It is interesting to think about the author's opinion about her. It seemed that Guy de Maupassant sympathized with her (he described her beauty), but I discerned in many details of the story that the author tended to appraise her character as a selfish, egoistic person. In contrary, her husband was looked at by Mathilde as a minor official, good-for-nothing man. After attentive reading, I drew an opposite conclusion.

"The Necklace" might be used as a didactic story for motivating people to avoid focusing on negative circumstances and paying more attention to the positive side of the life.

The story has a surprise ending, almost a twist in the tale which adds to the interest of the reader.



The Necklace by Guy de Maupassant
Text:
http://www.eastoftheweb.com/short-stories/UBooks/Neck.shtml
Audio:
http://mp3fut.site/MP3_Download_74C00/The_Necklace_By_Guy_De_Maupassant

Friday, September 22, 2017

A Cup of Tea by Katherine Mansfield Analysis

The short story "A Cup of Tea" was written by a prominent New Zealand writer Katherine Mansfield. Before reading I listened to the audio of the story from Youtube (the link is posted in the ending of this review). The tone of voice in the recording was quite ironical, even flippant, obviously, it was made for purpose because of the similarity of literary style of the story. That was a right method indeed, how else can we read this passage: "Rosemary Fell was not exactly beautiful. No, you couldn't have called her beautiful. Pretty? Well, if you took her to pieces... But why be so cruel as to take anyone to pieces?".

The story tells us about one episode in the life of a very rich woman Rosemary Fell. She was used to spending money for any whims of hers. Katherine Mansfield described the scene how the shopkeeper flattered her taste of beauty: "You see, madam," he would explain in his low respectful tones, "I love my things. I would rather not part with them than sell them to someone who does not appreciate them, who has not that fine feeling which is so rare...". The seller asked for the thing (animated composition in the box) at a very high price and Rosemary espoused that the price didn’t shock her, she was able to buy everything that she wanted. Let's look at the text:

"Charming!" Rosemary admired the flowers. But what was the price? For a moment the shopman did not seem to hear. Then a murmur reached her. "Twenty-eight guineas, madam." "Twenty-eight guineas." Rosemary gave no sign. She laid the little box down; she buttoned her gloves again. Twenty-eight guineas. Even if one is rich...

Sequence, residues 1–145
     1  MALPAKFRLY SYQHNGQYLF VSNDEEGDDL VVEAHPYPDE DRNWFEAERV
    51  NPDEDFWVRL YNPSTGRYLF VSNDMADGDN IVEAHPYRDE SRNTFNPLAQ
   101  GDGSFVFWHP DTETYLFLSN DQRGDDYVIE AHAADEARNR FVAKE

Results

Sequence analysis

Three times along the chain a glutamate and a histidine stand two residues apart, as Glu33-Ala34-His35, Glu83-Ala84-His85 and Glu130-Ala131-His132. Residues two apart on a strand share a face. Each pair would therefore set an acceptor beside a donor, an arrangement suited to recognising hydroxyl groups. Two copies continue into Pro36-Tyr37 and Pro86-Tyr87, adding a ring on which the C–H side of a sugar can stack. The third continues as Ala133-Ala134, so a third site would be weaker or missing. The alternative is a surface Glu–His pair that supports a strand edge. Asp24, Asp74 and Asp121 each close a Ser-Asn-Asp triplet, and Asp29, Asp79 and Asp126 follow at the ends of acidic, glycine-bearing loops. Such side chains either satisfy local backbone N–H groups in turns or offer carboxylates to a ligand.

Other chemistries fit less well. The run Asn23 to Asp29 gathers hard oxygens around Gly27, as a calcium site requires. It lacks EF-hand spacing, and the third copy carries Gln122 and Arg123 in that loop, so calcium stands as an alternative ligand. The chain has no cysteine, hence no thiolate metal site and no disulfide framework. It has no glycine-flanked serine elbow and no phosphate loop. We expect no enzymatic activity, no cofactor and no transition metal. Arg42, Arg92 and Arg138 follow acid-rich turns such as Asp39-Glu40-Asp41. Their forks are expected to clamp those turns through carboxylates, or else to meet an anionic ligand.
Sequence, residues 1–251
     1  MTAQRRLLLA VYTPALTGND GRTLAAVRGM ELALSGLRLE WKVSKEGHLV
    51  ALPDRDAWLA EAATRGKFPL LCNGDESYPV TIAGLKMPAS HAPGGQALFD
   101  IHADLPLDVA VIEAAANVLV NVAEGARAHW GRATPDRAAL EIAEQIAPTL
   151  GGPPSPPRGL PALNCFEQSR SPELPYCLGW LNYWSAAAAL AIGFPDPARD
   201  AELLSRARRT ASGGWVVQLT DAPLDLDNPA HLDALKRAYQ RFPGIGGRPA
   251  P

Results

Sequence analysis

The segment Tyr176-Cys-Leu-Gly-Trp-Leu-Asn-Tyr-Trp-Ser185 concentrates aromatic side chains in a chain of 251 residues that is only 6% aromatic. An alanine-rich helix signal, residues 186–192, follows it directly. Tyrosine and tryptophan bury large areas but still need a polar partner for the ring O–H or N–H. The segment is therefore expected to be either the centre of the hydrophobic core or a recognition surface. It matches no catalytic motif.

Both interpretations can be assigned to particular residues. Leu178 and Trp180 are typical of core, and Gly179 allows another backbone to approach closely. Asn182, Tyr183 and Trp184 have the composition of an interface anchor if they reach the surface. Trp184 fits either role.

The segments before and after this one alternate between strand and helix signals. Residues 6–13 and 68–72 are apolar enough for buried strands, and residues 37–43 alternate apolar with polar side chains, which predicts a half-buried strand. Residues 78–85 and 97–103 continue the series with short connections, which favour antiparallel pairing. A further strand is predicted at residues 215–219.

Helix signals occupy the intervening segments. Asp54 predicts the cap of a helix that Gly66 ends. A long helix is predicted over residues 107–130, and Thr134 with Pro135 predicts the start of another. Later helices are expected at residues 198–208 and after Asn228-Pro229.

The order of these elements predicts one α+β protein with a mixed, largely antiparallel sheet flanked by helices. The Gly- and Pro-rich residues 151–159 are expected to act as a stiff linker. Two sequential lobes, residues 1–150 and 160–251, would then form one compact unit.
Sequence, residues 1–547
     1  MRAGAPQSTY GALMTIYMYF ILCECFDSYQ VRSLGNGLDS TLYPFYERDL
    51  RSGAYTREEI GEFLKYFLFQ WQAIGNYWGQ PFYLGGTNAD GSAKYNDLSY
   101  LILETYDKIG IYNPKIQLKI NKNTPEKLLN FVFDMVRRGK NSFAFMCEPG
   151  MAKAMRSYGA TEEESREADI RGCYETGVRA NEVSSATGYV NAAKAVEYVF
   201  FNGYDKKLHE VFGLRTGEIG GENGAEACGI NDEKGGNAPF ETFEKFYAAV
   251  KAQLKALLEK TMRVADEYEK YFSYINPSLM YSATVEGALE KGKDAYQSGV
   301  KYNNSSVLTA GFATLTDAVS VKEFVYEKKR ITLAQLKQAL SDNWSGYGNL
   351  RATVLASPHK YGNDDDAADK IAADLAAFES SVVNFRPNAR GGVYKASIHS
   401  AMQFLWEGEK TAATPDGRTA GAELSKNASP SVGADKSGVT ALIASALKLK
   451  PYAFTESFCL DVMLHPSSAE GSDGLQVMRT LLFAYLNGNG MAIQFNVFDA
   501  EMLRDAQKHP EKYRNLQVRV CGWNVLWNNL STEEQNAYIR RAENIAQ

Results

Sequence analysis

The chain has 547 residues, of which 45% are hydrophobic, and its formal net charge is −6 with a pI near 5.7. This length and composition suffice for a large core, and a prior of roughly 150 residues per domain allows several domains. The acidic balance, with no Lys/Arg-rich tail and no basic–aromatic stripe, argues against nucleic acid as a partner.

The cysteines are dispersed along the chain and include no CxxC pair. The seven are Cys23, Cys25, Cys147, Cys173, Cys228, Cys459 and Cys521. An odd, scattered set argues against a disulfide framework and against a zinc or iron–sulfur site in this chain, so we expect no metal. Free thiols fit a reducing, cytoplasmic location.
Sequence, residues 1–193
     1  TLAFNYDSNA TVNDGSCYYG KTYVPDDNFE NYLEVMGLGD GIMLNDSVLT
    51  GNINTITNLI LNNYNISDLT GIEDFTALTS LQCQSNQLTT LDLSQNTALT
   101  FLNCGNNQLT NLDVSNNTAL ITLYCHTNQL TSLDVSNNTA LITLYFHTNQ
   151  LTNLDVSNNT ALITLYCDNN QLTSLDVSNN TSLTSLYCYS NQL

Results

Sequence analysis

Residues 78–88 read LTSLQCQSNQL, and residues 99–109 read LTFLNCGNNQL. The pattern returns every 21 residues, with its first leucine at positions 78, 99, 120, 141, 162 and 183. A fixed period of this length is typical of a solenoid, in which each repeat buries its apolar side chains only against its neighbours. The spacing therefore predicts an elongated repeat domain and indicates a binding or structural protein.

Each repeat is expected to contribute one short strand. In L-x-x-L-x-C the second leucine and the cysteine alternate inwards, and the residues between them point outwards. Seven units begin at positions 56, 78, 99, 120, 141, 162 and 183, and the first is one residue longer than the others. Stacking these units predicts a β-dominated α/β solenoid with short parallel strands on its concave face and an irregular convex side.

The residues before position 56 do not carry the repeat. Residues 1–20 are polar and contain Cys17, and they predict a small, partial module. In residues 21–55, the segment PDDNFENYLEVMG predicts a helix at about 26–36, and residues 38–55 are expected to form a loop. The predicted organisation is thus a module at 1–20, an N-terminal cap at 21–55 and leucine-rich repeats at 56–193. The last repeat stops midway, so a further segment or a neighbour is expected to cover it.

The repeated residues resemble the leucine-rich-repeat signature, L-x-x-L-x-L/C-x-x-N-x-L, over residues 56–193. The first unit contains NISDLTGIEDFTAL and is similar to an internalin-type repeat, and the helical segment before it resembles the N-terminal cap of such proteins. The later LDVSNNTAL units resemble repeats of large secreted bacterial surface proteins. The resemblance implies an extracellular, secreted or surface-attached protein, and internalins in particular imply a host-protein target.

She looked vague. She stared at a plump tea-kettle like a plump hen above the shopman's head, and her voice was dreamy as she answered: "Well, keep it for me - will you? I'll..."


This was a long introduction which was necessary for understanding the moral of the story. The key moment of the story occurred when Rosemary went out of the shop and a young girl asked her some money for a cup of tea. In response Rosemary acted unpredictably, she invited the girl to her home for a cup of tea.

While I was reading this part of Katherine Mansfield's story, another story appeared in my mind. It is a satirical story written by one of the most well-known and recognizable Russian writers Fyodor Dostoyevsky. "A Nasty Story". The story told how one very high-level person, the general, decided to visit the wedding of one of his subordinate and how bad it turned: the tension of awareness having so high boss ruined the celebration. The true intention of the participating in the wedding for the boss was probably the attempt to increase his self-appraisal. I think that Rosemary had the same motivation.

After Rosemary brought the girl to her house, Philip, the husband of Rosemary, came home. He was very surprised, even shocked by the fact of seeing such an unusual visitor. Rosemary insisted that it is not her whim, that she would care about the future of that stranger - the young girl, who introduced herself as Ms.Smith. But the attitude of Rosemary in terms of Ms. Smith was changed dramatically when Philip said that Ms. Smith is pretty.

Rosemary went to her writing-room. "She opened a drawer and took out five-pound notes, looked at them, put two back, and holding the three squeezed in her hand, she went back to her bedroom."After Rosemary removed the threat of having a pretty girl in her house giving three-pound notes and returned back to Philip, she asked: "Do you like me?". He answered, "I like you awfully". "Then Rosemary said dreamily: "I saw a fascinating little box today. It cost twenty-eight guineas. May I have it?" Philip jumped her on his knee. "You may, little wasteful one," said he. But that was not really what Rosemary wanted to say. "Philip," she whispered, and she pressed his head against her bosom, "am I pretty?".

The last question in the story raised doubts about self-confidence of Rosemary. She depended on the money of her husband she wasn't sure about her attractiveness. The last question reminded the humorous episode mentioned in the beginning of the story: "Rosemary Fell was not exactly beautiful. .. Pretty? Well, if you took her to pieces...". One conclusion may be that the theme of insecurity, even for so extremely rich person, was highlighted in the story.